You may have noted Alex Kane’s column stating he would not be voting at the forthcoming European and Council elections. He also said that if turnout was lower than 50% it would be ‘a good thing’, as it may have an impact on local politics. Alex is a shrewd operator, but he could also make a good pollster as he’s following the key rule – don’t stick your neck out too far with predictions. He’s certainly not taking any risks with this assertion, as if the Euro/Council poll turnout gets anyway near 50% it will be an achievement, taking into account the Euro 2009 election had only a 43% turnout.
I also noted Sam McBride’s commentary in the Newsletter about election turnouts. He mentioned that in the US they are often below 40%, and this doesn’t impact US politics that much. He’s correct, in that the Americans vote for everything including Sheriffs, and Court judges etc., and that’s where the low turnouts come in. The UK also has only 30-40% turnouts in local elections. As such, you can’t really say that if the forthcoming poll on May 22nd is below 50% then it will affect the flow of politics in Northern Ireland. Why? – Because the May 22nd elections are Euro and Council elections and are not flagship elections.
All modern countries and western democracies have a flagship election i.e. a main election – The election when they show to the world that they’re a modern thriving democracy. It’s the turnout in a countries flagship or main election that counts, and gives that country (or region) democratic legitimacy. In the US it’s the election of their president, in the UK it’s the Westminster election, and in Northern Ireland it’s our Assembly election. In the US presidential and UK Westminster elections the turnout has always been 60% to over 70 %. At the last US presidential election the turnout was estimated at around 65% of the ‘voter electorate population’, which was a remarkable achievement taking into account many people had to queue at polling stations! Admittedly it’s hard to get an accurate turnout figure in US elections because of their complicated registration procedures, which vary from state to state – but it’s always been well over 50% in their presidential elections. These flagship elections are where Alex Kane’s point comes true – If the US Presidential election, or Westminster election turnout, fell below 50%, then it would be a very serious situation for both those countries, and would almost certainly lead to large changes in their democratic structures.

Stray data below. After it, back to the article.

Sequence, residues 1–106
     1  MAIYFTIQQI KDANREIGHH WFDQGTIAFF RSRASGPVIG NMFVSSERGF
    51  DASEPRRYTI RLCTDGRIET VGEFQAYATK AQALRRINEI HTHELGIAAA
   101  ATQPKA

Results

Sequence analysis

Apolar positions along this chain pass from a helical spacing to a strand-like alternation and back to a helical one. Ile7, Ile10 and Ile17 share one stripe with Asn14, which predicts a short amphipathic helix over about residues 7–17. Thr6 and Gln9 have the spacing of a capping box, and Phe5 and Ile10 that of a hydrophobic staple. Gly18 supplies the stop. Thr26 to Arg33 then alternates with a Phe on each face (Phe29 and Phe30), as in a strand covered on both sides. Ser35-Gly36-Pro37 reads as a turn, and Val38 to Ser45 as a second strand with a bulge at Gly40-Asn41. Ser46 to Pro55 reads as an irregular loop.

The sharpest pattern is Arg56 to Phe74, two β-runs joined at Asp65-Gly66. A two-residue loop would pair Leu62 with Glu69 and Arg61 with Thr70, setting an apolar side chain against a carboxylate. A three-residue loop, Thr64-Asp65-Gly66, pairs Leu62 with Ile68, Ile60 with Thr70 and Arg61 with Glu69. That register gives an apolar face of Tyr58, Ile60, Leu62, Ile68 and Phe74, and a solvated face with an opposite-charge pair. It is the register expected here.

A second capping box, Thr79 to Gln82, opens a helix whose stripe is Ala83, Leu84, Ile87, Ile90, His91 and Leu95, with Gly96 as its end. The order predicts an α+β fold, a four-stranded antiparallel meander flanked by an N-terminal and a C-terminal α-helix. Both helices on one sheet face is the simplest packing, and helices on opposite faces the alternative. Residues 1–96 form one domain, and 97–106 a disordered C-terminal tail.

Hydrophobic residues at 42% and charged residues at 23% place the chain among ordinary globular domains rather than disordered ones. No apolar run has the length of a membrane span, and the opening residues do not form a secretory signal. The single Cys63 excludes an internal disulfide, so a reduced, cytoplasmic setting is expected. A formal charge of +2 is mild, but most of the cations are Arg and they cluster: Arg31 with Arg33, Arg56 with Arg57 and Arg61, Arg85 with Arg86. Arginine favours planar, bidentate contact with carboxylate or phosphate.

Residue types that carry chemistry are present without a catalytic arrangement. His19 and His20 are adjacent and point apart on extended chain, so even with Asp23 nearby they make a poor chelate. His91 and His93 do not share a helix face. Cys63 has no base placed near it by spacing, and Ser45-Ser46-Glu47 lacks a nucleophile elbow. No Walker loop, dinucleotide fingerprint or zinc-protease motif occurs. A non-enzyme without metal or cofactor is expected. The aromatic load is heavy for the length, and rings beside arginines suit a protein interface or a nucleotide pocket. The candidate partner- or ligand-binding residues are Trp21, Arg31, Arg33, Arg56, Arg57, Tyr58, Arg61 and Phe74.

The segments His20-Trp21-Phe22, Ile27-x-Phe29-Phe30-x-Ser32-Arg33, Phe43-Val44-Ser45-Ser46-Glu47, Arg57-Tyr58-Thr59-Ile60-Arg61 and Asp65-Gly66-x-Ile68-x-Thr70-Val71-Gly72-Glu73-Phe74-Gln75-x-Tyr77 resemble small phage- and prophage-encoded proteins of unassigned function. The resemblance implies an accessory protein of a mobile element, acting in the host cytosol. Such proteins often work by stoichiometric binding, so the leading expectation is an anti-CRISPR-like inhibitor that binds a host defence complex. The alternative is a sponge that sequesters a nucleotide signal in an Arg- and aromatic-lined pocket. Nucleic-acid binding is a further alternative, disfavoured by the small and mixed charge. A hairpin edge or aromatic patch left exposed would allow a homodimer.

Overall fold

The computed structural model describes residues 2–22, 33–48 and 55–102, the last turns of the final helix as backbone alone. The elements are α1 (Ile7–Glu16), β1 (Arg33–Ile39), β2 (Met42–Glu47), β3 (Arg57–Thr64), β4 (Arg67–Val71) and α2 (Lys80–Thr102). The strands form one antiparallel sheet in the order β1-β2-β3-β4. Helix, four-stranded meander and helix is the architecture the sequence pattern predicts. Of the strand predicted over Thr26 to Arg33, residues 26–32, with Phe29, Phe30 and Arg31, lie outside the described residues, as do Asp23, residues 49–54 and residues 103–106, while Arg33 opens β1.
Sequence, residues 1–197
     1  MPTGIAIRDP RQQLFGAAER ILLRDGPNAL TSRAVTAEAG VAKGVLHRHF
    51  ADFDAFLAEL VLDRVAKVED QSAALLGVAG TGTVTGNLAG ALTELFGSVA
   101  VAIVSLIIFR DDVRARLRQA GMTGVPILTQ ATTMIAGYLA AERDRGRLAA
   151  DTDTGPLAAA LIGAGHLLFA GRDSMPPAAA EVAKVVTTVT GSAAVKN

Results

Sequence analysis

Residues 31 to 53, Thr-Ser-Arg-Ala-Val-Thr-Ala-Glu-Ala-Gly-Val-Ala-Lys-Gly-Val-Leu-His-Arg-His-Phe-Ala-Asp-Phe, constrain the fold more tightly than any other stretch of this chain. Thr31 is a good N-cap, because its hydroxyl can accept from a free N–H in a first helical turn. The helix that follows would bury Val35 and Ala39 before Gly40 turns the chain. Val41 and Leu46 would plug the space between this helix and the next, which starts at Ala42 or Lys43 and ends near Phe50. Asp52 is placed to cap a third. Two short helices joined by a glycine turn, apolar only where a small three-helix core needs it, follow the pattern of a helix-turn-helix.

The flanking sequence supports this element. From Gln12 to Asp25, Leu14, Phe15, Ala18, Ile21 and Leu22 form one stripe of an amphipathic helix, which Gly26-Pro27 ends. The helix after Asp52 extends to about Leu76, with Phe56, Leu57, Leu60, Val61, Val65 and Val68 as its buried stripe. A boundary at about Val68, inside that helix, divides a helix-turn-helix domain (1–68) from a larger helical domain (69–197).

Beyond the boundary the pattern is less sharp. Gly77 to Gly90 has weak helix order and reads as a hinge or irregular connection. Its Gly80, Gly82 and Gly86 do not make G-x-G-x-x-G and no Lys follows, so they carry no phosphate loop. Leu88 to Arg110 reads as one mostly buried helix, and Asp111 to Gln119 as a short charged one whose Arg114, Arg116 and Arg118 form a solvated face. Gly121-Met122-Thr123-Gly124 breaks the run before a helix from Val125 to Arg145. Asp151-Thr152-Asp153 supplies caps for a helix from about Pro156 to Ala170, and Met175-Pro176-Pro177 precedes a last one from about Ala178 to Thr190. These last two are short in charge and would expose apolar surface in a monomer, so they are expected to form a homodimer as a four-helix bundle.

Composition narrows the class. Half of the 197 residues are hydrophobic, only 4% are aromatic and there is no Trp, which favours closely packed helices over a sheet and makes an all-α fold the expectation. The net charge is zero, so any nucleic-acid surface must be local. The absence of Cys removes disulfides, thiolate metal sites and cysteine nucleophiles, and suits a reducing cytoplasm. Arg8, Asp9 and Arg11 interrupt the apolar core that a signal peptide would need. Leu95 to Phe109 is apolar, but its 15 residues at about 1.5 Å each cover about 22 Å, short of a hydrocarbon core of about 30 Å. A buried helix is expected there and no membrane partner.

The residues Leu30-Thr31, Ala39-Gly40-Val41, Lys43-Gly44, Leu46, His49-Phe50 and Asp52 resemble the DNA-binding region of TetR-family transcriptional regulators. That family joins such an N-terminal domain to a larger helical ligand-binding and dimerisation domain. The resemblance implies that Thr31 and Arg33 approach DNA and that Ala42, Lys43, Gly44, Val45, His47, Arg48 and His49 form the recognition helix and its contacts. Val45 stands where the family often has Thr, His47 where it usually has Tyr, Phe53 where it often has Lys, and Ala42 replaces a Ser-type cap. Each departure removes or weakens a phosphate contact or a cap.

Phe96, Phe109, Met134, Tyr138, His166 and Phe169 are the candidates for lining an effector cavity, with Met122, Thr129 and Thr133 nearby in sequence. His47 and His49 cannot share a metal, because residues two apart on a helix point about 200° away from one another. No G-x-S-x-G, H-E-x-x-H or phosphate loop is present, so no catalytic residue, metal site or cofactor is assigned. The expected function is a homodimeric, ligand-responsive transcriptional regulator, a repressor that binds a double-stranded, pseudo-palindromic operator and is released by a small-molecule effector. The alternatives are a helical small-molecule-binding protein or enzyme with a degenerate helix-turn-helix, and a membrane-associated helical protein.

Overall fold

In Northern Ireland our flagship election is the NI Assembly election, with the last election in 2011 having a dangerously low turnout of 54.7%. It’s significant to note that this was a drop from the 62.3% turnout in 2007, which was a drop from 63.1% in 2003, and 69.9% in 1998. The next Assembly election will take place in 2016, and a similar drop again would mean a turnout below that magical 50%. This could destabilise the whole assembly and wider peace-process structures. This wouldn’t happen immediately, but the democratic legitimacy of the assembly would be gone, and I would predict that within 2-3 years of the 2016 election the Assembly would collapse, or else would have to be completely reformed.
So why are less and less people voting? There are various reasons for this – Indeed Sam McBride made another comment, that he recently heard a Stormont Minister (and I’ve a good idea who this is) saying that non-voting ‘could be interpreted as apathy arising from contentment’. That Minister is wrong – The polling research shows that a key reason people are not voting, is not because they’re particularly content, it’s because they believe that whoever they vote for, or whatever party get’s elected, it won’t make any difference to their own (often not contented) lives. How someone can say that non-voting people are mostly content, in a region where we’ve had a huge economic recession, NI youth employment is 1 in 4, large No’s of people are on the minimum wage, and a region that’s had the largest housing slump in the UK and significant No’s of people are in negative equity, is beyond me. This comment perhaps shows how out-of-touch the folks on the hill really are.
One thing is clear though – The trend in Northern Ireland elections, and in all western democracies, is towards lower turnouts. For most elections, including this year on May 22nd, this won’t really matter. However the trick is to keep your flagship election turnout (in our case the NI Assembly election) well above 50%, which will then give the whole NI government structures legitimacy. However, our politicians should note that the signs aren’t good, and the trends aren’t hopeful, for the next Assembly election in 2016.